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At Summer's End

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Alberta Preston is a young woman who dreams of being a painter. When Bertie is invited to the Earl of Wakeford’s home of Castle Braemore to paint the estate, she defies her parents’ orders and leaves to make her mark in art. However, when she arrives, the job isn’t what she expected. The Earl, Julian, lives locked in his bedroom, having come back from the Great War injured. Bertie spends time with the Julian’s younger siblings, but she can’t help but try to crack the isolated earl. As they spend more time together, Bertie has to figure out the secrets hidden in the estate.

When I saw that this book was described as Downton Abbey meets Beauty and the Beast, I knew I had to read it. I don’t usually read books set in the 1920s, but I really enjoyed this one. The time setting alternated between the present with Bertie at Castle Braemore and scenes from the years leading up to the war that explain what Julian’s life was like before the war. This was a great way to show the events that led up to Bertie arriving.

There were many different types of trauma that affected Julian and his siblings. Julian had been physically injured in the war, which affected his mental health. His older sister was a widow with two young children. His younger brother didn’t conform to societal expectations, so he had to live his life secretly on the estate. His youngest sister no longer had a relationship with Julian, despite being close before he left for the war. All of these siblings had deep secrets that drew them away from high society and united them in a close bond.

At Summer’s End is a beautiful story about life after war.

Thank you Berkley for providing a copy of this book in exchange for an honest review.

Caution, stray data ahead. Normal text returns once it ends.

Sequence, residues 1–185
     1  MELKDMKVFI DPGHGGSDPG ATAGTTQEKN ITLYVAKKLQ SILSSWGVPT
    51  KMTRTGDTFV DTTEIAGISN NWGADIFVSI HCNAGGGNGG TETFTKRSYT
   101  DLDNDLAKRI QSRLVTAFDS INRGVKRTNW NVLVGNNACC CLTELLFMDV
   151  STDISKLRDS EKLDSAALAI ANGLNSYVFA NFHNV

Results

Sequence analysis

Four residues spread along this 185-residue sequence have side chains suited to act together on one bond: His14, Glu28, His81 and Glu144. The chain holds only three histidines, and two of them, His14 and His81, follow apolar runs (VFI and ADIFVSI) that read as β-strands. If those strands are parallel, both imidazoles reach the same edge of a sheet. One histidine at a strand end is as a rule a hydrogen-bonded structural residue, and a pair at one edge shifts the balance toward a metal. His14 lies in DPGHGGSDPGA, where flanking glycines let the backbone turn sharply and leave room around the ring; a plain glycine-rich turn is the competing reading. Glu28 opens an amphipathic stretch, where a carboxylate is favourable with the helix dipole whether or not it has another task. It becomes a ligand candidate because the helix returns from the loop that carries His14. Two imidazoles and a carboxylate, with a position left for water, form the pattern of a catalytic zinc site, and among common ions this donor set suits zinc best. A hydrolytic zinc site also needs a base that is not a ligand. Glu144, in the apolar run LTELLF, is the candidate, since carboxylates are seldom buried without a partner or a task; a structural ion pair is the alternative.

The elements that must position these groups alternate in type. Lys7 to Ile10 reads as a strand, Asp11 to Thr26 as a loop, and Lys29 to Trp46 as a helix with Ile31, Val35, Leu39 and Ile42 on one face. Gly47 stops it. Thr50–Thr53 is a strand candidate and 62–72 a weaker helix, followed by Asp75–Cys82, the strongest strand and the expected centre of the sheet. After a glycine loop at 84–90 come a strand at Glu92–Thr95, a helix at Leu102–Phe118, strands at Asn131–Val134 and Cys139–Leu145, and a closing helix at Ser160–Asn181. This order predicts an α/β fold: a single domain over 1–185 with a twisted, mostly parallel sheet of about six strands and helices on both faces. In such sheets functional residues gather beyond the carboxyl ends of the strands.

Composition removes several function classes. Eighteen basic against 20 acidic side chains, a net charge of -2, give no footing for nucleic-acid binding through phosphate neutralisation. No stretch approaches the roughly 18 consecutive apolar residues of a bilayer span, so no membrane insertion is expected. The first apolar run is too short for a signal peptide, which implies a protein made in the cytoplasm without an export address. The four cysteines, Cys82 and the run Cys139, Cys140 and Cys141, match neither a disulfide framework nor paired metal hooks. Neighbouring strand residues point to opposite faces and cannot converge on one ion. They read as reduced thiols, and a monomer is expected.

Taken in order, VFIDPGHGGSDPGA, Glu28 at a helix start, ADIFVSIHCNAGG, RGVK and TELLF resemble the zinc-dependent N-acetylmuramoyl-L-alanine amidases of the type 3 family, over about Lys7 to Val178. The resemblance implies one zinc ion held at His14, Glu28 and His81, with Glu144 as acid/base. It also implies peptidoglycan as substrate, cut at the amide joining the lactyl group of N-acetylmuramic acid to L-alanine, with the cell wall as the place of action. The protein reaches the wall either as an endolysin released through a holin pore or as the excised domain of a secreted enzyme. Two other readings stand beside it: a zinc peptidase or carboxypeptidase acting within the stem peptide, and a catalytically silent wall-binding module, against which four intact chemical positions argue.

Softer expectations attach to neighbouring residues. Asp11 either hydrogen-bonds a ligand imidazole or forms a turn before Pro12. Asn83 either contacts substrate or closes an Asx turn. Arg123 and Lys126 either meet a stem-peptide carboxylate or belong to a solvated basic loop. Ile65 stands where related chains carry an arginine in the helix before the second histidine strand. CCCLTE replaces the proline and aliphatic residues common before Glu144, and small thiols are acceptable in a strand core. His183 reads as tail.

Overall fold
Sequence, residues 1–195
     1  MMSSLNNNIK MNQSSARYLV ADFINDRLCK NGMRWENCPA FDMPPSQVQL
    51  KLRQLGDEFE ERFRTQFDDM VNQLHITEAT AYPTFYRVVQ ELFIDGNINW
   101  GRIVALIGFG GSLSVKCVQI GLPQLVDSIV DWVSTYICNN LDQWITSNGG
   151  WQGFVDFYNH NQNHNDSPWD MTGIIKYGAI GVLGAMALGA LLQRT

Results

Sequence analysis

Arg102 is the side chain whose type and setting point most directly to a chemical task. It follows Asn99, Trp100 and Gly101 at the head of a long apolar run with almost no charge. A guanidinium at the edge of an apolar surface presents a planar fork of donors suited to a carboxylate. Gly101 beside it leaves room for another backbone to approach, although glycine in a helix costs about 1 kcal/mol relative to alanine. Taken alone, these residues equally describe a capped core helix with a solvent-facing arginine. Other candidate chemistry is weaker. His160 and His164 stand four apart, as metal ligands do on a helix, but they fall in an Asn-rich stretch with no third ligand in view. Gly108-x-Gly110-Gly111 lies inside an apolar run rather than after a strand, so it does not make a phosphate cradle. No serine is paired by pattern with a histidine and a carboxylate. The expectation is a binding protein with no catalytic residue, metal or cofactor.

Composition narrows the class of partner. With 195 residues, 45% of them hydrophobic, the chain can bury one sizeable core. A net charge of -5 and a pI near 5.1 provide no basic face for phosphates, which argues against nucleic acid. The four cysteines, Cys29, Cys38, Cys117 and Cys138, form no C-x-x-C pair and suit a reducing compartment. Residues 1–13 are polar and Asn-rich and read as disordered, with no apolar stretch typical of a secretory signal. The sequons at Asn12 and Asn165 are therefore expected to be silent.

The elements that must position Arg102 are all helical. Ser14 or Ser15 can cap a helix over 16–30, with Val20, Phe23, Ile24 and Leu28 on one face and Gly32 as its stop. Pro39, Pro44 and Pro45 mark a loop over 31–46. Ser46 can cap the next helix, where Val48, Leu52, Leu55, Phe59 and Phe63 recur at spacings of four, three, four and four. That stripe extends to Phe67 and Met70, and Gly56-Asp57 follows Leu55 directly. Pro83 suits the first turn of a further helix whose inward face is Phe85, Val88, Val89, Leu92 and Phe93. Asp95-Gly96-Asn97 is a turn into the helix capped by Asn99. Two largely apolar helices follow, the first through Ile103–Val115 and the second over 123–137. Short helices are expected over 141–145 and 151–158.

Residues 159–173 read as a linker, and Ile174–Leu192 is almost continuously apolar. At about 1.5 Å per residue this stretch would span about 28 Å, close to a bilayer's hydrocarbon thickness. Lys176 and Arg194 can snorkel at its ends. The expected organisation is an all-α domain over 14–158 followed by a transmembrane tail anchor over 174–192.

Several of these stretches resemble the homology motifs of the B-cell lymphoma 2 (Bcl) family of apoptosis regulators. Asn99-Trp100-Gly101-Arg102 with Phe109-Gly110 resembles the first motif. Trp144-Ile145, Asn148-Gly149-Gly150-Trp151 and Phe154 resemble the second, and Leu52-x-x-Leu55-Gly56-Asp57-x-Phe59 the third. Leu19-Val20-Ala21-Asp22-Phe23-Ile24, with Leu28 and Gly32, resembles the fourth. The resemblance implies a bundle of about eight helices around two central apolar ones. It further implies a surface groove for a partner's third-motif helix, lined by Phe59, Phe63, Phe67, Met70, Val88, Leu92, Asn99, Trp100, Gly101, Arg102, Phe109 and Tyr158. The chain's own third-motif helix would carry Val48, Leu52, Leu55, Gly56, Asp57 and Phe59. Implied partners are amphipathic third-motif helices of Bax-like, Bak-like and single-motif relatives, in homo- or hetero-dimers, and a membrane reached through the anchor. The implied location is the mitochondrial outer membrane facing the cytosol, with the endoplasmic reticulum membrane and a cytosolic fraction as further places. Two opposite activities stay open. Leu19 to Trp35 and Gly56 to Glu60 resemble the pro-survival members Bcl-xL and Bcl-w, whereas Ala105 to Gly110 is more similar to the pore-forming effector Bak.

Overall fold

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A beautiful historical novel! I loved loved loved Courtney's debut and her heroine's strength and specificity.
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This was a good historical fiction novel; I just hoped for more from it. I was really looking forward to it. I still think it's overall a good novel, I just didn't connect to it the way that I hoped I would. I enjoyed the Beauty & the Beast retelling aspect. If you enjoy historical fiction. this is definitely worth the read!
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Review will be posted on 9/16/21

WWI is over and England is recovering.  The world is very different now and Bertie Preston finds herself 28 years old and unmarried. For the time period, this isn't the norm, but Bertie doesn't care about society's rules. She strives to be independent and wants to support herself as an artist.  She gains some attention after winning an art competition and with that she is contacted by the Earl of Wakefield to pain his home, Castle Braemore.  This is exactly the type of job that Bertie has been hoping for and one that will hopefully help her make the move to London.  In order to paint Castle Braemore, she must move there for a short period of time and to make things even more awkward, the Earl thought Bertie was a man.  Despite this, she is determined to make the best of it, but with the Earl hiding in his rooms and the Castle a bit dismal, things aren't what she thought they would be. Thankfully, the Earl's siblings are excited for to be there. As time passes Bertie learns why the Earl, also known as Julian, spends most of his time in his room and how the war has impacted not only him, but also the estate.  The world is changing around Castle Braemore and the big question is are the inhabitants ready for it? At Summer's End by Courtney Ellis is a compelling historical debut that fans of Downton Abbey will enjoy.

I really liked Bertie right from the start of At Summer's End. I always love a determined, spunky, and unconventional heroine, especially when that isn't the norm for the time period.  I was excited for her to start her life as an artist and use the money to support her dreams in London. Once she arrives at Castle Braemore, things start to get a little more difficult than she initially thought. For starters, Julian, the Earl, doesn't really leave his rooms, so there's a Beauty and the Beast vibe to this novel.  Bertie can't help but wonder what happened to him at the war? Why won't he leave his rooms?  I am a big Beauty and the Beast fan, so I loved the similarities here.